This novel is not the best overall of the four novels (that distinction would probably go to Phoenix), but it is the novel with the most tightly focused plot. All the three other novels suffer from meandering plot lines, with the focus of the central conflict constantly changing. This helps compensate for some of its relative dullness compared to the action of the other novels. Like Tubb's other novel, Alien Seed, it also very well captures the spirit of year one episodes.
Has anyone read E. C. Tubb's 'Pawn of the Omphalos' from 1980? I recall glancing through it some years back at a used book store. From what I remember, the story dealt with a group of people that encounter a giant green "brain" in space. Does anyone know just how similar the two books are in storyline?
I think i might have read it at some point, but it would have been 15 years ago or more. I know I did read one of Tubb's novels and noticed some similarities to material he used in his 1999 books.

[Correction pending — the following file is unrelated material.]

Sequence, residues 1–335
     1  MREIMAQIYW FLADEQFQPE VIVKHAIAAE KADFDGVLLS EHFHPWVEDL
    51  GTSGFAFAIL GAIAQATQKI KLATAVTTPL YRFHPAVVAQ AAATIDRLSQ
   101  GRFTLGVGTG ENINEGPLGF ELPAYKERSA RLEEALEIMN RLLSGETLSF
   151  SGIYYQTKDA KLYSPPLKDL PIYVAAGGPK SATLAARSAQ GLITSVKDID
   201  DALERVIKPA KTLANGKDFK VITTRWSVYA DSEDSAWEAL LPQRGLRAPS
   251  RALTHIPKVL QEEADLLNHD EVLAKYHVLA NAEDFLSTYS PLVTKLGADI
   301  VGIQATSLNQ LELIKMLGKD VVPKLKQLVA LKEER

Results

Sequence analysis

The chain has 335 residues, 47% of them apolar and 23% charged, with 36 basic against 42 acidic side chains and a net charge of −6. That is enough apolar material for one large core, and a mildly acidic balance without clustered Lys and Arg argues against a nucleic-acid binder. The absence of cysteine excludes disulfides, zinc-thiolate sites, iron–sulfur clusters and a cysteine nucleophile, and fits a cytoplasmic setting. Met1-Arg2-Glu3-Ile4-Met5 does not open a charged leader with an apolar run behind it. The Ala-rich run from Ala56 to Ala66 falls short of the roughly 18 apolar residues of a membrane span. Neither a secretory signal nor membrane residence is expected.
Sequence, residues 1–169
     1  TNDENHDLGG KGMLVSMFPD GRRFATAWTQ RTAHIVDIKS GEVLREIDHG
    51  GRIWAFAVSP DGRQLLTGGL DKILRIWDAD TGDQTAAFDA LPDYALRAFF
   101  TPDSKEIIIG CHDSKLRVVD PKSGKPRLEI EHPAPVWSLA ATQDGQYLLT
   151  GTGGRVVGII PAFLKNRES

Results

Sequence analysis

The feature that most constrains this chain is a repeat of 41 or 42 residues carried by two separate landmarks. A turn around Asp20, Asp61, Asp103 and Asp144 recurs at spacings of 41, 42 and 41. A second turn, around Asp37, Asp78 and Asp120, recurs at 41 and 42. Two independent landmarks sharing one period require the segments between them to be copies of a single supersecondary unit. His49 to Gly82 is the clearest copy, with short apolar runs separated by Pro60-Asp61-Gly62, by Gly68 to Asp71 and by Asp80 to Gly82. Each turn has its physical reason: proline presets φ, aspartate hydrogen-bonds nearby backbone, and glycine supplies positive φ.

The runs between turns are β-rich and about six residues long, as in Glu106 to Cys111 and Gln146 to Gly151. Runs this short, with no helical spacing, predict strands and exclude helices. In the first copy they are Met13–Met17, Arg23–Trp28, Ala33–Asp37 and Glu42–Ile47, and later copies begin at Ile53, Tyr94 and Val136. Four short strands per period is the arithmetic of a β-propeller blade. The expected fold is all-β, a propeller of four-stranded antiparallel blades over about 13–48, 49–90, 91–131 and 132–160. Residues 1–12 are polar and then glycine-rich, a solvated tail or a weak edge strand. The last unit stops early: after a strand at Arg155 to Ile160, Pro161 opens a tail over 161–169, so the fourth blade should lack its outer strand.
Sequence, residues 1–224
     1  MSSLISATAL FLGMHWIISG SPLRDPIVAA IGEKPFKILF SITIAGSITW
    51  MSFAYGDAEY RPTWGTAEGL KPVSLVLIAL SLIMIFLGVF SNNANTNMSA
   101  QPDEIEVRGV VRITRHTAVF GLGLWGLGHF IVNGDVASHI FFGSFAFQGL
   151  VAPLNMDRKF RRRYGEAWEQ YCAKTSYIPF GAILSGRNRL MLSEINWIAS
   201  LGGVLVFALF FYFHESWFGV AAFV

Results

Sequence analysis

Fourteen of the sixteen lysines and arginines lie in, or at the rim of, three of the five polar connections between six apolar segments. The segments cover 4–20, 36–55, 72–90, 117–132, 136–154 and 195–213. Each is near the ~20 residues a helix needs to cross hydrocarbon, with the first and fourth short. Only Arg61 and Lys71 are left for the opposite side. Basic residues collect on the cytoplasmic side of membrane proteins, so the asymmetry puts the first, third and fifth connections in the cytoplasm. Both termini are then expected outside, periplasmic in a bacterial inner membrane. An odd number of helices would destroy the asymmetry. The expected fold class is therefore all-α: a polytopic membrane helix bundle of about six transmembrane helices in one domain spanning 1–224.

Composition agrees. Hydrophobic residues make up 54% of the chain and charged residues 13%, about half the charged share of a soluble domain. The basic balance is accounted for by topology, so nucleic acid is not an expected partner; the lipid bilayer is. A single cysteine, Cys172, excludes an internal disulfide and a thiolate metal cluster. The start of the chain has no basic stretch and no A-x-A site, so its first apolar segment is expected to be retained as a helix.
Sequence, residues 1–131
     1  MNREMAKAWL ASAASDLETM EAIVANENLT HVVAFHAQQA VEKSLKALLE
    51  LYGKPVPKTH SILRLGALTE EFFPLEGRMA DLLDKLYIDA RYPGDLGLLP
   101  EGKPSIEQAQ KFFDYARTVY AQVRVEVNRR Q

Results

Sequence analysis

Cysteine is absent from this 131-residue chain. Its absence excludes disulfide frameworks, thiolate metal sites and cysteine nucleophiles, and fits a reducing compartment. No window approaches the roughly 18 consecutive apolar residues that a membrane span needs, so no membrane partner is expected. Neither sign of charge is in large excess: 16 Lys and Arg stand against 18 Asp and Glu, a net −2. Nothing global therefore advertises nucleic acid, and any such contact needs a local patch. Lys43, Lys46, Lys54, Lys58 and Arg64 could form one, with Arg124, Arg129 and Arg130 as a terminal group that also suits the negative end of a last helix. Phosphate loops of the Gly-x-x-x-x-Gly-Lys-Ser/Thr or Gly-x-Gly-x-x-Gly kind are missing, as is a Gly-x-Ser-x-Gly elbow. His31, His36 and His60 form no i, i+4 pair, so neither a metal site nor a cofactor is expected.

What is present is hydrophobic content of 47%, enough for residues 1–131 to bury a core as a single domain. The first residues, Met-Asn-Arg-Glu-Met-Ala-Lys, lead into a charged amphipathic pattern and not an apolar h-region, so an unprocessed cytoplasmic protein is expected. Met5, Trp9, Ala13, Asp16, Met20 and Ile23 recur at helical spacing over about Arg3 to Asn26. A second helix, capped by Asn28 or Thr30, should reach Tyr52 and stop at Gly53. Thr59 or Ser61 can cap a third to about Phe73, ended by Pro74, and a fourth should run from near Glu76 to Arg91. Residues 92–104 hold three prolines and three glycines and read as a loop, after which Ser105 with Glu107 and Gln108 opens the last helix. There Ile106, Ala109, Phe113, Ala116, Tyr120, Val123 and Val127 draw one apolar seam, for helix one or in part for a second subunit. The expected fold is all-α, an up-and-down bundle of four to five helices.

The opening to this novel and "Android Planet", the previous one, are more than a bit similar. In both, the members of the base of busily engaged in putting on a theatrical production when an alert from Main Mission after they contact an object interrupts it and catapults us into the plot. I wonder if Tubb and Rankine realized how similar their two opening scenes were, or if it was coincidence?
E.C. Tubb did write a novel called "Moonbase", about ten years before S:1999 premiered, about a murder investigation on a moon colony which curiously presaged in some ways Moonbase Alpha.
SPOILER WARNING involving character death!!!
I was disappointed that Alan Carter's copilot, Frank Dale, died, after all he and Carter went through. I never thought the author would actually kill Carter, and so hoped he would also see fit to let Dale live, since the two men were in the same situation. I know Dale was a tad more talkative, and used up his air just a little faster than Carter. BUT... I especially thought the experience would make a good 'maturing point' for the young Dale, and would indeed be a "story to tell [the] grandchildren," as Carter joked to him. And for once, Carter would have a copilot LIVE through a mission with him!
Once in a while, it would be nice to see supporting characters survive, but I'll grant this: it's firmly in keeping with Series 1's body count!
Any similar feelings?
Never thought much about it. Someone did comment that the body count in Tubb's original novels was too high.
Of the 4 originals released in North America this one is the one that comes across most like an actual episode of the series. I can even think of places where commercial breaks might appear.